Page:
Robson Forensic Experts to Present Study Findings at the 2012 SNAME International Marine ...
Visibility Factors in Small Boat Collisions

Robson Forensic Experts to Present Study Findings at the 2012 SNAME International Marine Forensics Symposium

Experts: Bartley J. Eckhardt, P.E.; William J. Vigilante, Jr., Ph.D. & Peter F. Coste, P.E., C.F.E.I.

Contact: Kathleen Herman

About the Study:

March 8, 2012 (MMD Newswire) -- Collisions between powered and non-powered personal watercraft (PWC) and sail or powered craft (SPC) are a serious concern for professional mariners and recreational boaters alike. USCG statistics show that in recent years, collisions with a recreational vessel have consistently ranked as the leading primary marine accident type. Operator inattention and improper lookout are leading primary contributing factors to marine accidents.

Human factors considerations including the visibility, conspicuity, detection and identification of non-powered PWC weigh heavily in marine accident investigations and forensic analysis of collisions.

Oftentimes, seconds or less in power craft response can make the difference between a catastrophic collision and a harrowing but harmless near miss. For the operator of an SPC to take evasive action to avoid a collision, they must first detect and then identify the presence of the PWC. Visual detection and identification distance is critical in providing the SPC operator with sufficient time and distance to alter their course or take appropriate emergency action to avoid colliding with a PWC.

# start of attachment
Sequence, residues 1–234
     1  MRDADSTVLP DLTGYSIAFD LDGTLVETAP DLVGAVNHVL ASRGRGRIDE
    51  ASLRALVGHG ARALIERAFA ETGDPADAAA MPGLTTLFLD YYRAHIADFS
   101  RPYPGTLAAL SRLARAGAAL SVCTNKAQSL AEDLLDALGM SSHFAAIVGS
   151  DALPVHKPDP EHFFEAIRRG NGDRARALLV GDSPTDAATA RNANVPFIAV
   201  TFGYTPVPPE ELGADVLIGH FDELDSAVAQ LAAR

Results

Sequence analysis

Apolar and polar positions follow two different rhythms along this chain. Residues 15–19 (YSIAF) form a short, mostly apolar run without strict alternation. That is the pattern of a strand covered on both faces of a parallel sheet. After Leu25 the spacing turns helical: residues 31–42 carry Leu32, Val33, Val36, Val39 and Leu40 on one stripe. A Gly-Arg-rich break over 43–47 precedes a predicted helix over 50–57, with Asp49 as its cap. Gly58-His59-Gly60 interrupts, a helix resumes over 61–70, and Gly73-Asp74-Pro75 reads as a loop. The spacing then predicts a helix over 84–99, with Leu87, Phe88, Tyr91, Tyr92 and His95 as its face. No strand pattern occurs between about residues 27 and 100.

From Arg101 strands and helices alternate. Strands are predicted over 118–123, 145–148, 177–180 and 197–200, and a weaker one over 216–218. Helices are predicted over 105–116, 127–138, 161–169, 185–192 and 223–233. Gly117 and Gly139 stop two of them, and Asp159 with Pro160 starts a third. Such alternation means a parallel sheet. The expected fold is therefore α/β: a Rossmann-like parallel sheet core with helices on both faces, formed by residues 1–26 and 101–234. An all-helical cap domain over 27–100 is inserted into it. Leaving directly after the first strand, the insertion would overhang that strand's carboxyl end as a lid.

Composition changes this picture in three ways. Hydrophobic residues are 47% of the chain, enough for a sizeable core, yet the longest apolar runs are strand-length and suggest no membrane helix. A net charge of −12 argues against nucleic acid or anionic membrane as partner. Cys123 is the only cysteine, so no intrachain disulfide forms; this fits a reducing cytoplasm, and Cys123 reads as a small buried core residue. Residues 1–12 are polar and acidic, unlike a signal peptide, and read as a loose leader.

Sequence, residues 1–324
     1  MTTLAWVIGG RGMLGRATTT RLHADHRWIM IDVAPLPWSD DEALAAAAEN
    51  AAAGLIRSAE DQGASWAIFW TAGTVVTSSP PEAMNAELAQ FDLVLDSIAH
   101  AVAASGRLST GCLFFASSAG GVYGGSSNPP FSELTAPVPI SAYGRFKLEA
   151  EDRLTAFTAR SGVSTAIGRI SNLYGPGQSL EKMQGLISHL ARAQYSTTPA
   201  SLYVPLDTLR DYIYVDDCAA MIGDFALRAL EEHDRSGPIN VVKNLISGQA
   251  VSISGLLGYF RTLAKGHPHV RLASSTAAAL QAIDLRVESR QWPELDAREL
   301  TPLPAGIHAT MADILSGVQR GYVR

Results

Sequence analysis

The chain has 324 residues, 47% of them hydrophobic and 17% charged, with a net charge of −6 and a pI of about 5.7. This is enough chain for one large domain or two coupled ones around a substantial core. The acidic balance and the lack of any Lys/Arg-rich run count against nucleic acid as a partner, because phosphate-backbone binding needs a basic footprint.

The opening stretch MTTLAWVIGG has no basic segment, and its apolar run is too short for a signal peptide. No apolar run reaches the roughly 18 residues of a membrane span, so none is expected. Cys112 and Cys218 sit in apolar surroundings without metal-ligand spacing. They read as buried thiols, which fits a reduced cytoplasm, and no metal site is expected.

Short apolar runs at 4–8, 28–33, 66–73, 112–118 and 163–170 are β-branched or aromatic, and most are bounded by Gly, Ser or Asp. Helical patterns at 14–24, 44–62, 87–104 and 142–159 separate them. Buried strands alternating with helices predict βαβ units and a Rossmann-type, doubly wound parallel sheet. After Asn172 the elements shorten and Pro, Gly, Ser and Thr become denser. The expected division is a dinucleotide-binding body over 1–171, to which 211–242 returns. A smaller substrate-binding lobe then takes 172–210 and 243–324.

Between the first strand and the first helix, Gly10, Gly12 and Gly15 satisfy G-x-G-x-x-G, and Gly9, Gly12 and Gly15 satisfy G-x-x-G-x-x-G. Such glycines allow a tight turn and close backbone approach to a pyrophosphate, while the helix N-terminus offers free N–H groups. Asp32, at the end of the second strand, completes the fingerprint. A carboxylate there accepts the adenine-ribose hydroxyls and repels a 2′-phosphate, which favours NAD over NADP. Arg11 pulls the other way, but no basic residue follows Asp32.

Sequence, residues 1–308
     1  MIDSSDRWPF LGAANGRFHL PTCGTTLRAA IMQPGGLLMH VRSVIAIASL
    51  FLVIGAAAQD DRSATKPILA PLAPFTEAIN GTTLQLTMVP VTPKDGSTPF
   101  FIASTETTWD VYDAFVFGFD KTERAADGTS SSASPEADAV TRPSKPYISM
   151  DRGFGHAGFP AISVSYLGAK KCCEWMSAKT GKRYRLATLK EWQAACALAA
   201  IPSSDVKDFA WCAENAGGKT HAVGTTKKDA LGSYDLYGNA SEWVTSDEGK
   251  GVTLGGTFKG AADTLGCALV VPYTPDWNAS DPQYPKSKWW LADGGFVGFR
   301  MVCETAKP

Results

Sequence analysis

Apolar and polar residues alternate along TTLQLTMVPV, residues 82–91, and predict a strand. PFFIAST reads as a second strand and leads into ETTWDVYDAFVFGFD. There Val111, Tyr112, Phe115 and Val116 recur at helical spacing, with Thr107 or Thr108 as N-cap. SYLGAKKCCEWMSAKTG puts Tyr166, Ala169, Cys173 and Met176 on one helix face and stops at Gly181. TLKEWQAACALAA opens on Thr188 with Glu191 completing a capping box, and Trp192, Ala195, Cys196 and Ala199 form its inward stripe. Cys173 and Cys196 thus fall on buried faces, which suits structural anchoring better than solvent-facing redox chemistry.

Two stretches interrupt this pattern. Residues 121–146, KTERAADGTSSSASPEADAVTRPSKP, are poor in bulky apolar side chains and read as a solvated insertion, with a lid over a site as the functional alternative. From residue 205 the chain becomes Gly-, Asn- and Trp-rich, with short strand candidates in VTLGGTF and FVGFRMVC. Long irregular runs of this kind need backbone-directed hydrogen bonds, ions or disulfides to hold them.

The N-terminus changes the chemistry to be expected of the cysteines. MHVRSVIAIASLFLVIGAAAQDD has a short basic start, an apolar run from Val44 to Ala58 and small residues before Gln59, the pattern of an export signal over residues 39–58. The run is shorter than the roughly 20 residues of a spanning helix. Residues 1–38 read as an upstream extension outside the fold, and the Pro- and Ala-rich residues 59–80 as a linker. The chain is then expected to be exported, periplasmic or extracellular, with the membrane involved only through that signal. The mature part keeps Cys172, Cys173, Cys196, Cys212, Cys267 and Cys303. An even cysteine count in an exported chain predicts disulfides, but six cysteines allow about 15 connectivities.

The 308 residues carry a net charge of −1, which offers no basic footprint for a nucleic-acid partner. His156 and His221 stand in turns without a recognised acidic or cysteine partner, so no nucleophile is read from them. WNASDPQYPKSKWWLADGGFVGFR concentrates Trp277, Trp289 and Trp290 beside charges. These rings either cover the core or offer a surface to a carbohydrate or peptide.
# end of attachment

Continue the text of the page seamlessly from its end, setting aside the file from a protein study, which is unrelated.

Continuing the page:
The study revealed several findings, including that:

1. Identification distance is enhanced when the very small craft is viewed against a shore background and when wearing fluorescent attire.

2. There are Zones of Vulnerability that prudent operation of very small craft and power and sail craft must be aware of and avoid.

3. Twenty recommendations are made with regard to boater safety and education to help commercial and recreational mariners avoid collisions with very small craft.

About the Symposium:

This three-day symposium (April 3-5) brings marine professionals and historians together in National Harbor, Maryland to exchange information on historic marine losses, on marine forensic investigation processes and tools, and on case studies where causes of failures and losses have been determined or are under continued study. The Symposium is jointly sponsored by The Society of Naval Architects & Marine Engineers (SNAME), The American Society of Naval Architects, and the Marine Technology Society.

About Robson Forensic:

Robson Forensic is an integrated team of forensic engineers, architects, scientists and fire investigators. We are a national firm with 16 offices and 175 experts who provide high quality investigations, reports and testimony to assist in the resolution of disputes and litigation. Since 1987 we have performed over 40,000 investigations.

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